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Peace Now Leaders in U.S. Respond to Statements by Partners in Israel

February 1, 1991
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Leaders of the Peace Now movement in the United States say they fully understand the support for the Persian Gulf war expressed by prominent Israeli doves, but remain firm in their belief that only an ultimate settlement with the Palestinians will bring peace to Israel.

The American leaders were responding to statements Monday by four prominent Israeli writers and peace activists, who told a news conference in Tel Aviv that anti-war demonstrations in America and Europe amounted to appeasement of Iraqi President Saddam Hussein.

One of the Israeli participants, Yael Dayan, said, “Peace Now in Israel means war now.”

Another speaker, Yoram Kaniuk, was quoted as saying, “When I see peace movements demonstrating around the world — the movement I’m part of — I feel ashamed.”

In phone interviews on Tuesday, four leaders of Friends of Peace Now in Los Angeles and New York defended their past and present positions.

The strongest statement came from Stanley Sheinbaum, one of five American Jews who met with Palestine Liberation Organization leader Yasir Arafat in Stockholm in December 1988.

“There is deep resentment by people like me and my colleagues in Peace Now, who are told because we don’t think that a military solution will work, we are for Saddam Hussein,” Sheinbaum said in Los Angeles.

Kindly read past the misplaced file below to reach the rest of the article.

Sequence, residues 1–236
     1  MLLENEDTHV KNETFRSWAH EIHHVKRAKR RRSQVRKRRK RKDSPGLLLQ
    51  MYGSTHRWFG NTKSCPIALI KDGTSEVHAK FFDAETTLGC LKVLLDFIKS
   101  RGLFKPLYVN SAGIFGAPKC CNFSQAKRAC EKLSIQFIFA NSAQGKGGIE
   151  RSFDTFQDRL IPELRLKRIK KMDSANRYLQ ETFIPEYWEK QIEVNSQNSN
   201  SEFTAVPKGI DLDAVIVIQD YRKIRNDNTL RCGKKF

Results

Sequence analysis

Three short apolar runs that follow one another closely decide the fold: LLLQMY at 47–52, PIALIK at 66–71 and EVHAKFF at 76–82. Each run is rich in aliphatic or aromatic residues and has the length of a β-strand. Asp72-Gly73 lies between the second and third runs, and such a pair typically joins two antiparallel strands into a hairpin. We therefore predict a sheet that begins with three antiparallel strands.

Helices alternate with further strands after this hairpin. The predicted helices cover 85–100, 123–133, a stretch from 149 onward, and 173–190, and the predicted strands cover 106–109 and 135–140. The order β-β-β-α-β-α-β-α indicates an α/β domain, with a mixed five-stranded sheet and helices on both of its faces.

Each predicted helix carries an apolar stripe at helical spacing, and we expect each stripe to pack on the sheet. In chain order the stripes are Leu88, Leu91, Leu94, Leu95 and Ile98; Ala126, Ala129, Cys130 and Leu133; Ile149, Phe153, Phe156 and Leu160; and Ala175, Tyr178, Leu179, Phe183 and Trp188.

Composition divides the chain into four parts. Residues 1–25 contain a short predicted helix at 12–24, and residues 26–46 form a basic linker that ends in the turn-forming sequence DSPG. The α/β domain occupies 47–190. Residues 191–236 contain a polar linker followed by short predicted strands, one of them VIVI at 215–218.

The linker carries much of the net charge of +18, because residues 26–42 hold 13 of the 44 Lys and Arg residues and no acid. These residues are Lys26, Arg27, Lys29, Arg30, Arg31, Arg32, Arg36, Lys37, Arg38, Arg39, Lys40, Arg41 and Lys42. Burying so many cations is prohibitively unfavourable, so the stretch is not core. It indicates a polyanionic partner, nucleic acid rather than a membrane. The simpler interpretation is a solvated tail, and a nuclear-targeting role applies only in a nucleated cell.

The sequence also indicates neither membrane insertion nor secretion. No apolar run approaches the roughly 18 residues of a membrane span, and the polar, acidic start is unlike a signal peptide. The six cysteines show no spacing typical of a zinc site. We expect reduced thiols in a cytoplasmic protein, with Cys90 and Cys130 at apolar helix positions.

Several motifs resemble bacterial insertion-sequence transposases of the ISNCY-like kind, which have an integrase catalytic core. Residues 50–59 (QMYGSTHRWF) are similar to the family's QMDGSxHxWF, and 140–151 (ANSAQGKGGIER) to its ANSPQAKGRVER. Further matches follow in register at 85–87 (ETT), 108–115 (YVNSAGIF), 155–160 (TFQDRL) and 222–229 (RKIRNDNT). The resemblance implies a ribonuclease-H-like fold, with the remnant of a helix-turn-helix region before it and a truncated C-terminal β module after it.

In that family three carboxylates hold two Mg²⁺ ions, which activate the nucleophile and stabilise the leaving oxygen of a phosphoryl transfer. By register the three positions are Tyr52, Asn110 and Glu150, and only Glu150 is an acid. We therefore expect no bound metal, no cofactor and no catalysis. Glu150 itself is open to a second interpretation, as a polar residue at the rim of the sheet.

“I understand that people in Israel, who live under real or imagined threats, are affected,” but “war will bring more instability to the region and increase the threat to Israel,” he said.


Asked whether he felt any regret for his past dialogue with the PLO, Sheinbaum responded heatedly. “Anyone who is ashamed of having been for peace ought to be ashamed of himself in general,” he said.

Jonathan Jacoby, national president of Friends of Peace Now, said in New York that there was unanimous agreement that Iraq must be defeated, but that “we must point to what the post-war scenario should look like.

“We are not pulling back at all from the position that the Palestinian problem must be resolved as soon as possible after the war.”

Like Jacoby, Ahavia Scheindlin, chair of the U.S. executive committee for Peace Now, expressed her full understanding for “the enormous pressure on Israel. The first priority is now survival. We support Israel’s course 100 percent.”

At the same time, she reaffirmed “with great fervor and passion” her continuing identification with the goal of Peace Now.

“The war hasn’t changed that one iota,” Scheindlin said. “Once the war is over, there will be a more fertile ground for peace with the Palestinians.”

Richard Gunther, a veteran Los Angeles community leader and peace activist, said he fully supported the war against Iraq as the top priority, but not without internal conflict.

“I marched with my children against the Vietnam war,” he said, but when he was asked to participate in the recent anti-war demonstration in San Francisco, he decided that “I couldn’t march in that parade.”

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